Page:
The Ideal Flying Tippler

by Nino Bugeja [For PDF version Click Here]

The January newsletter was one filled with interest from many Tippler fanciers. One such article was sent in by Bruce Roseblade on his view of what a Tippler should look like. He also is suggesting that today’s Tippler is taking on a Roller appearance and they should be called a Roller, due to the articles sent in by Oskar Zovich and his trip to the UK. There we see many a bird that is carrying white flights and badge looking birds when referring to their color markings, and not in his view what a Tippler should look like. I found this interesting as he was referring to articles written many years back by John T Curley for one, that on the surface would support his theory. Mr. Roseblade refers to this Breed as North American and Canadian Tipplers, when in fact, Mr. Curley’s book acknowledges their origin to be from England, and therefore they are known as English Tipplers. Mr. Curly also acknowledges in his book , and I quote ” The interest in developing a notable pigeon for its endurance flying was known to exist well over a hundred years ago, and fanciers taking part in this project used just about any likely prospect that was handy at that time. Cumulets, Bald Tumblers, and other long-time high-flying breeds were crossed in, with no attention being paid to Type or colour ”

Curley’s book was written in 1961, and as mentioned earlier he refers to facts of well over a hundred years back when dealing with the origin of the breed we know as the Tippler. At this time in their development the flying Tumbler was also introduced into the making of this breed and they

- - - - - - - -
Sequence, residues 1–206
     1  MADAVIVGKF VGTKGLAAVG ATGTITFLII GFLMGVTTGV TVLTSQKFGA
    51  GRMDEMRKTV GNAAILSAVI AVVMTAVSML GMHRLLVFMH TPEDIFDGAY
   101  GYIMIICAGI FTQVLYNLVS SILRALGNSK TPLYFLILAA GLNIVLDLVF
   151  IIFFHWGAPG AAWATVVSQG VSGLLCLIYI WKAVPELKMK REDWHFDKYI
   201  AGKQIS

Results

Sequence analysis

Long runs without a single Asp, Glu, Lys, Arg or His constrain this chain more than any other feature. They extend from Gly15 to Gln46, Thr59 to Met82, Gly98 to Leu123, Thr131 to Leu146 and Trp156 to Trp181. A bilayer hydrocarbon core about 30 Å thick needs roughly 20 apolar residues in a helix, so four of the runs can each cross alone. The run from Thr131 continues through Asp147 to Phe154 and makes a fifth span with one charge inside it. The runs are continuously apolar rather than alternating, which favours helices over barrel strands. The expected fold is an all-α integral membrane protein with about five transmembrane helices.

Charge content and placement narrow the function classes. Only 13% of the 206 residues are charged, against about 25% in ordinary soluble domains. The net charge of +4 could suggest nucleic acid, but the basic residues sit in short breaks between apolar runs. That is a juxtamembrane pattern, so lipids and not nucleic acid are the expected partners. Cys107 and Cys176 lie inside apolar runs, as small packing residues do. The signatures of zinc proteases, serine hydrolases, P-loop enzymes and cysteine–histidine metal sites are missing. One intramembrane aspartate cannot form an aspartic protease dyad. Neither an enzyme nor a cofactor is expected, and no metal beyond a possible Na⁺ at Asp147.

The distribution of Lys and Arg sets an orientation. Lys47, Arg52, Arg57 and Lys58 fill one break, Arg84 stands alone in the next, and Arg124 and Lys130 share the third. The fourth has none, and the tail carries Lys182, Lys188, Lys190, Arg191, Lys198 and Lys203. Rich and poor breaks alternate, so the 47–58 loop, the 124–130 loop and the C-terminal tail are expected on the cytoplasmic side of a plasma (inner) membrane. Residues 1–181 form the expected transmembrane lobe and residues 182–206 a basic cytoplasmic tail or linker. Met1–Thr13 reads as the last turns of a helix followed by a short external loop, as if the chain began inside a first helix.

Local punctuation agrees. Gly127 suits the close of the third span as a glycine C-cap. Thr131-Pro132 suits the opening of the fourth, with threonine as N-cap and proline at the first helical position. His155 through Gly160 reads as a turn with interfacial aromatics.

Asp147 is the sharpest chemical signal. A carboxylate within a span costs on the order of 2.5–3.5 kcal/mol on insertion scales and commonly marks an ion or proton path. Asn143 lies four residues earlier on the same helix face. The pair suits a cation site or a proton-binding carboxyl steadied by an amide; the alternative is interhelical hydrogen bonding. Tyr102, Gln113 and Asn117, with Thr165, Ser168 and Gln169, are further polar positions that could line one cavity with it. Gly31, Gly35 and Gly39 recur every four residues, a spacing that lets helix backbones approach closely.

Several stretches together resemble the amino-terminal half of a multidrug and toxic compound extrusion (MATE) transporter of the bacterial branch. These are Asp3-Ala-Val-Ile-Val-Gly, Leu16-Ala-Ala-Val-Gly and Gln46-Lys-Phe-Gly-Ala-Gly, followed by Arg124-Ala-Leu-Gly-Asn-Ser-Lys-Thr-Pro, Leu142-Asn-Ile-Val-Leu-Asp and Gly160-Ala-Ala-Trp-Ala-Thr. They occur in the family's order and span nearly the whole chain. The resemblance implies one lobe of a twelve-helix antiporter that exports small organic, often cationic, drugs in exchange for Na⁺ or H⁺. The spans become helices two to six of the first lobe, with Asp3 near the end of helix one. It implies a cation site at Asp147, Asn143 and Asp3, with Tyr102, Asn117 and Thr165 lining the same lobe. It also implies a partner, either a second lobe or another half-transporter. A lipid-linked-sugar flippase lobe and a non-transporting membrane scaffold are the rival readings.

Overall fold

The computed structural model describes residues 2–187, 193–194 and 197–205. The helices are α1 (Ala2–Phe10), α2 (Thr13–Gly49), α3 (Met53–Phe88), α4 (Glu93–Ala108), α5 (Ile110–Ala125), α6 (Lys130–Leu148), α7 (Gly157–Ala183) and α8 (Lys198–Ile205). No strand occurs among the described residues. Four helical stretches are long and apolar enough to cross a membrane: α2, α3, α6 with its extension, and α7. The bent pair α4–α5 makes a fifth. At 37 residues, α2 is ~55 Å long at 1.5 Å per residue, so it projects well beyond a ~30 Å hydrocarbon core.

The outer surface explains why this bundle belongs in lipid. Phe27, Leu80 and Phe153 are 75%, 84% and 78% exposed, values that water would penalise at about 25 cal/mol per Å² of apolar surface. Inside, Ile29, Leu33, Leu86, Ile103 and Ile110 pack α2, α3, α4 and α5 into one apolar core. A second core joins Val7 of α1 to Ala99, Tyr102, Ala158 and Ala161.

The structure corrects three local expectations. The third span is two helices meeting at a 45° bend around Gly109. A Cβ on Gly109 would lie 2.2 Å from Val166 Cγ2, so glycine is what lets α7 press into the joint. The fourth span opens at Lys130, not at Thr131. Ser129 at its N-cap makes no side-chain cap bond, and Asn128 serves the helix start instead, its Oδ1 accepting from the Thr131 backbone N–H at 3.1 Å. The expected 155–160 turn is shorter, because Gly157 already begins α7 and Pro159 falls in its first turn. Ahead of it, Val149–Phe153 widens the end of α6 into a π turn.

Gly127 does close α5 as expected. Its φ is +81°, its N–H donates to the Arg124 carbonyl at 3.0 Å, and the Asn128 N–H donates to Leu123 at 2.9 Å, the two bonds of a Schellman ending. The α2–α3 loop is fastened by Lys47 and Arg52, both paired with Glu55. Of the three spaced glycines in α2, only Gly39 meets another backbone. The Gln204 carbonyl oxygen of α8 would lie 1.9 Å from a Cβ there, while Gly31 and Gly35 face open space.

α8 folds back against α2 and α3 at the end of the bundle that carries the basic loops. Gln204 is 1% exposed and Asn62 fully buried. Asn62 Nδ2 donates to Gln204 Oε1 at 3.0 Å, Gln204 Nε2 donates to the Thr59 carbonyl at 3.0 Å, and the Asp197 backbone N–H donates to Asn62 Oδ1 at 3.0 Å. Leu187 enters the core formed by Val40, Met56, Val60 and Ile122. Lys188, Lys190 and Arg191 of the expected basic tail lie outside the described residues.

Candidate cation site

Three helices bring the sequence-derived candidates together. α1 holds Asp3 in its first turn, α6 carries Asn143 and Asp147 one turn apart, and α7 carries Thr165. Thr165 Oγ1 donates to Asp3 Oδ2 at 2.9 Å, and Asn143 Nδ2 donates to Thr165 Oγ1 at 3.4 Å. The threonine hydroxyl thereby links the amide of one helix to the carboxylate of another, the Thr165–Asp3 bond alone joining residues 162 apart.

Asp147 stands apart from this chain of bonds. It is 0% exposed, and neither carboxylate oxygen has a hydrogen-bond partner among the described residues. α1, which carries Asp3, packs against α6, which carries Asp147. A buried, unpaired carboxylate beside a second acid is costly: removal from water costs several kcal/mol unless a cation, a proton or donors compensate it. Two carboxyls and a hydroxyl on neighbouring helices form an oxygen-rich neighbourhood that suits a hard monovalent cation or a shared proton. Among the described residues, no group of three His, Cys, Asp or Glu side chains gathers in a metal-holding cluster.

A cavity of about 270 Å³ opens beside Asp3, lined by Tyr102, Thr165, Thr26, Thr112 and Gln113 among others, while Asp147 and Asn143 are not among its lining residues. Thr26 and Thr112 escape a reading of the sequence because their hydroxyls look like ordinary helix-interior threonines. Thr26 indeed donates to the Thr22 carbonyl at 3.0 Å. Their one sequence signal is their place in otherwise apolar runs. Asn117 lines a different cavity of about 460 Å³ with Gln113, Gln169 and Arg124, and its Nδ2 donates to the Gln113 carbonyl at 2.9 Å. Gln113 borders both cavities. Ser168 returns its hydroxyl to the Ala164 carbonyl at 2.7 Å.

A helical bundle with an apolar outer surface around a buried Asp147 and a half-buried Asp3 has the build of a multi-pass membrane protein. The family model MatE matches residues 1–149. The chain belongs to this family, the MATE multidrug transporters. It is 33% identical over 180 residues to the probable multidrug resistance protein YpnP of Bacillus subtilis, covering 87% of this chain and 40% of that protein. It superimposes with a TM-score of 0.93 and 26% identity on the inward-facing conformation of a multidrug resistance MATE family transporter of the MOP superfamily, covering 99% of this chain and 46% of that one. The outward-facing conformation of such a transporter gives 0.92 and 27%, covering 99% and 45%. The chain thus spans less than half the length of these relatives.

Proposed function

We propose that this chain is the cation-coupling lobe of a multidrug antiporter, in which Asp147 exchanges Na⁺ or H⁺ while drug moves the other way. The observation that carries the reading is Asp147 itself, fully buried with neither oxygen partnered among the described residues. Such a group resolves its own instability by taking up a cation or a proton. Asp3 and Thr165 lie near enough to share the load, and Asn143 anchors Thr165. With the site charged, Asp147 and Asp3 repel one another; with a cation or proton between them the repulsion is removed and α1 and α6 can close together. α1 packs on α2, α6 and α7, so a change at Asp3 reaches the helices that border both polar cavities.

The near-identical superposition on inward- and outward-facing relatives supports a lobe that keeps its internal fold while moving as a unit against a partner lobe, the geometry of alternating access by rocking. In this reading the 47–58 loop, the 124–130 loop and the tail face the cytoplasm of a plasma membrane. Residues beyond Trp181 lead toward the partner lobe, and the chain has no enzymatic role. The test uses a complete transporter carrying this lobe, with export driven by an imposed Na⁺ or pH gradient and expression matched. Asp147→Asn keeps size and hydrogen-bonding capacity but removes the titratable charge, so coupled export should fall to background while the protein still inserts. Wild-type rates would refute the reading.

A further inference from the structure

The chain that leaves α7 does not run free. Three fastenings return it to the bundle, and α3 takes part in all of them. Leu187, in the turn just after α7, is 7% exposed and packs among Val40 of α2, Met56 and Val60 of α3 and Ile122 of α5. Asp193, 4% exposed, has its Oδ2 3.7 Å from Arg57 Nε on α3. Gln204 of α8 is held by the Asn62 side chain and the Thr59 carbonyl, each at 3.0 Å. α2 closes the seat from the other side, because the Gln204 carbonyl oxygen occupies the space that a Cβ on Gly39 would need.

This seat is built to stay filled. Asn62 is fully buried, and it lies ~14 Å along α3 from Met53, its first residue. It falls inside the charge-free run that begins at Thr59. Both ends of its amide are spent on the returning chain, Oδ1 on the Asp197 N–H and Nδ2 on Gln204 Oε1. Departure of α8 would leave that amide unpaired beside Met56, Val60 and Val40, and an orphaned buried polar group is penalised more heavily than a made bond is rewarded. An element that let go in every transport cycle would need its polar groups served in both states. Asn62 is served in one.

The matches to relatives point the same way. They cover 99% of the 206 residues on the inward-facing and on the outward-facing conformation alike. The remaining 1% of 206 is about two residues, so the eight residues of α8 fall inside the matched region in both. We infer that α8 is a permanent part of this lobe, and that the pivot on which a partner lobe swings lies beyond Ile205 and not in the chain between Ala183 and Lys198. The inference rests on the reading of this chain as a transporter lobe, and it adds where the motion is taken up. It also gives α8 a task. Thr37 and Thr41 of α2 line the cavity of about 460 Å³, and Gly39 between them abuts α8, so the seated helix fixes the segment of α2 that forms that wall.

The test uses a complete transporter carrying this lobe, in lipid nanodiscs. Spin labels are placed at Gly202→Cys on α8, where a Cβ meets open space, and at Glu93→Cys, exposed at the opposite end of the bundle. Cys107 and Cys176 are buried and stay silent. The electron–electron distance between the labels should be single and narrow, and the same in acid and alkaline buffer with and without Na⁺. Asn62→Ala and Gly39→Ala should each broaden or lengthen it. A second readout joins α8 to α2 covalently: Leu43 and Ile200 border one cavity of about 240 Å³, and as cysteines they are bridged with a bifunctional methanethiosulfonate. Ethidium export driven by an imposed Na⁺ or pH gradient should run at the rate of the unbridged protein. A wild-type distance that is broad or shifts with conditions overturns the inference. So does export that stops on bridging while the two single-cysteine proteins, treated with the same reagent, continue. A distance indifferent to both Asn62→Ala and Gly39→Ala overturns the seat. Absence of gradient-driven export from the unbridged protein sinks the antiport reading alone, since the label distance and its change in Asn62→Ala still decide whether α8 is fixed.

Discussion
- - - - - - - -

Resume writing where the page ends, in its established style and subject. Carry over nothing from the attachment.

came in all colours and colour phases including Baldheads and Badge.

Rollers, Tipplers, and Tumblers, and their development have been well documented that indeed they were all being developed at the same time, and therefore their genes were indeed spread around like sand in the wind. If we know this, then there should be no reason that today’s Tippler could not have endless colours and colour combinations. It can also be stated that back then, the picture of the print that Bruce has supplied was thought to be the “Ideal” of what a Tippler should like, but it was mostly representative at the show ring and not at the flying side of things.

In today’s flying Tippler, and the never ending reach for more hours, dark flying is where it must be had, and for that reason many a fancier is Selecting birds that are lighter in color and with more white in them so they can be seen easier in the dark.

Its all about selection and culling for ones ideal, and I guess in Bruce’s case he only thinks of a Tippler if it represents his Ideal. Bruce get informed my friend and star flying those Tipplers of yours.